#6 posted 03-25-2009 02:29 PM

I have one of those. They do work for above table use and also below table but adjusting them for height for below table use can be a bit tedious. They spin at one speed, so if you can adjust it and it goes the bit will cut just like any other router.

I recently got a Bosch fixed/plunge router combo. Night and day difference from that long ago. And I ditto Shopdog’s comment. 1/2 in shanks are so much better in working with and removing. And a lot of larger bits like ones for raised cabinet panels are only available in 1/2 inch. So, don’t put a lot of $$ in 1/4 inch bits unless you plan on this being your router for the forseeable future.

-- The smell of wood, coffee in the cup, the wife let's me do my thing, the lake is peaceful.

View Dan Lyke's profile

Dan Lyke

1520 posts in 4120 days

#7 posted 03-25-2009 02:43 PM

I used one of those as a movable router, before I knew better, and then as a table mounted router ‘til I replaced it with a Porter Cable 7518. It worked.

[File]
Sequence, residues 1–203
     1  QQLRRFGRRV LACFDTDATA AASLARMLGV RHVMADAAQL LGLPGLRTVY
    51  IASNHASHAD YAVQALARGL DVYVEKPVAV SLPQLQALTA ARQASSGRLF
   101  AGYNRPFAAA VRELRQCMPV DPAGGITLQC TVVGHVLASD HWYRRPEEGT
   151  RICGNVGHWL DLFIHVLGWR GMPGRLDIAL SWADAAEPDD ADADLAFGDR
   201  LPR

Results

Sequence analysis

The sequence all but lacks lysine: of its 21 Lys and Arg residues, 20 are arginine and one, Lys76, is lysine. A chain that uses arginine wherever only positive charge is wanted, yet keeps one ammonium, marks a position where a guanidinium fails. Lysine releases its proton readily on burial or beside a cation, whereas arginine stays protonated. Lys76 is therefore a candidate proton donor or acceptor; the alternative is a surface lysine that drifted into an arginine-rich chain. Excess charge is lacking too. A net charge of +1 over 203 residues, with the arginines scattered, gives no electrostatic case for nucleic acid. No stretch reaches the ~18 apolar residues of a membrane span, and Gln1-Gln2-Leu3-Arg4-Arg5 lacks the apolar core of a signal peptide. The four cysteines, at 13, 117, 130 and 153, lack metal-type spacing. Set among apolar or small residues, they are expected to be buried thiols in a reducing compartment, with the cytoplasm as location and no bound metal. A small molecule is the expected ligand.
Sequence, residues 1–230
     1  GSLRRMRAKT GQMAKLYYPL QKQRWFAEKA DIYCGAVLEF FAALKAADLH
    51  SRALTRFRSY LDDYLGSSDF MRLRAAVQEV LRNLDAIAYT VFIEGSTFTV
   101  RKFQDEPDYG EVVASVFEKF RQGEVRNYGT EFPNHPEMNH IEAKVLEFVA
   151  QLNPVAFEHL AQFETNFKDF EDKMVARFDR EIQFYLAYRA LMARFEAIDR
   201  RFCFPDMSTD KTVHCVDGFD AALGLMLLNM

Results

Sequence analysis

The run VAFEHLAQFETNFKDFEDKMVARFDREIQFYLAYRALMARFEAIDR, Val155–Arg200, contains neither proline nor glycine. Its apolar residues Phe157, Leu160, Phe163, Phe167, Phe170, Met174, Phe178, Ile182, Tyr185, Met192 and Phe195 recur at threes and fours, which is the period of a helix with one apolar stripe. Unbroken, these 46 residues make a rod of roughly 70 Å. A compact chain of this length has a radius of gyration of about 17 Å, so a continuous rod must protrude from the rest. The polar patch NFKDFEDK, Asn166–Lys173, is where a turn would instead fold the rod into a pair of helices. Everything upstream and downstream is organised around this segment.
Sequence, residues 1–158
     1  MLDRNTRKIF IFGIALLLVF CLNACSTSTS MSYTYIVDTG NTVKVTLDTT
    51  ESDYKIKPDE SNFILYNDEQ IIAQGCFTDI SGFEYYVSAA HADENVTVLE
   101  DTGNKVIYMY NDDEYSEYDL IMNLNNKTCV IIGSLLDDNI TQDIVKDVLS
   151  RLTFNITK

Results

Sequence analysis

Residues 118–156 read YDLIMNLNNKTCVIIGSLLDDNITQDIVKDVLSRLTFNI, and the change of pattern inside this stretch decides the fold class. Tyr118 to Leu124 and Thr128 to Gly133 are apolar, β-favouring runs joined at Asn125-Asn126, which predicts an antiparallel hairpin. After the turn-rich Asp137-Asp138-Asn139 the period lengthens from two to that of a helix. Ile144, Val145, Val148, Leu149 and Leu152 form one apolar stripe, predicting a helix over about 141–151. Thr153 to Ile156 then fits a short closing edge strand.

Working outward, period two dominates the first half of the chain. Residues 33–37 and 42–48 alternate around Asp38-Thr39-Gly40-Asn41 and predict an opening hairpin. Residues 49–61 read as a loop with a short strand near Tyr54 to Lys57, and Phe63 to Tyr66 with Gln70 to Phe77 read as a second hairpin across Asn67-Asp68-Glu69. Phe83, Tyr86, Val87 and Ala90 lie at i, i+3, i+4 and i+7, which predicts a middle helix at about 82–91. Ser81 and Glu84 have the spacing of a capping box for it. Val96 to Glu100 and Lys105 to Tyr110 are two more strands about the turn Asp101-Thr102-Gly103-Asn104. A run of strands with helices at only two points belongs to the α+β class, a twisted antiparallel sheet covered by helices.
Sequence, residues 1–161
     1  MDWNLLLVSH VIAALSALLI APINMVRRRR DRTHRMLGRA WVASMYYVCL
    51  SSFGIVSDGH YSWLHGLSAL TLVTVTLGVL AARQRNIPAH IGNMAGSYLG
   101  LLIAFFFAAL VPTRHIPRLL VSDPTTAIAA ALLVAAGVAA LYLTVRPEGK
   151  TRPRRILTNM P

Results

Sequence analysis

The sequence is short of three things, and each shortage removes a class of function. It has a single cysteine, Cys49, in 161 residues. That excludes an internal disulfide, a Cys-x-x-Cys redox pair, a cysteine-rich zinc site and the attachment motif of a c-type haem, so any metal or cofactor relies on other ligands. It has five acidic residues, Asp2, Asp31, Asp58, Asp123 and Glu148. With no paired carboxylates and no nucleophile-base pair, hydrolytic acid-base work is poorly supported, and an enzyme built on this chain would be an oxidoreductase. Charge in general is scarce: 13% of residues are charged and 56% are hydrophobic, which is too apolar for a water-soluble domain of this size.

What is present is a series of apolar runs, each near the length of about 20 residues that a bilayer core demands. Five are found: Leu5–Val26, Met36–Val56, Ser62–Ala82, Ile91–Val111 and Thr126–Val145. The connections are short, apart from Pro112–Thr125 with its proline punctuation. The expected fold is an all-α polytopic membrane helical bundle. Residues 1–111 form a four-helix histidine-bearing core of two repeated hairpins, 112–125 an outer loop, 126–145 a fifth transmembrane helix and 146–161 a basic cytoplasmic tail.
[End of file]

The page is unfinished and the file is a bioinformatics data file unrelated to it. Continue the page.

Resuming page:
As others have said, be judicious in what you invest in the small shanked bits, and don’t get too aggressive in how much stock you take off per pass, but I even managed to make some raised panels with a bullnose bit and a straight bit.

-- Dan Lyke, Petaluma California,

View thelt's profile


665 posts in 3374 days

#8 posted 03-25-2009 05:09 PM

I’ve got a CM router that I can’t get parts for anymore. The dentent pawl that holds the shaft to loosen/tighten the bit in place broke off. Now I have to change bits with two open end wrenches. Router still works and I ain’t gettin’ rid of it yet.

-- When asked what I did to make life worthwhile in my lifetime....I can respond with a great deal of pride and satisfaction, "I served a career in the United States Navy."

View Francisco Luna's profile

Francisco Luna

943 posts in 3388 days

#9 posted 03-25-2009 08:22 PM

“If life gives you lemons, make lemonade”.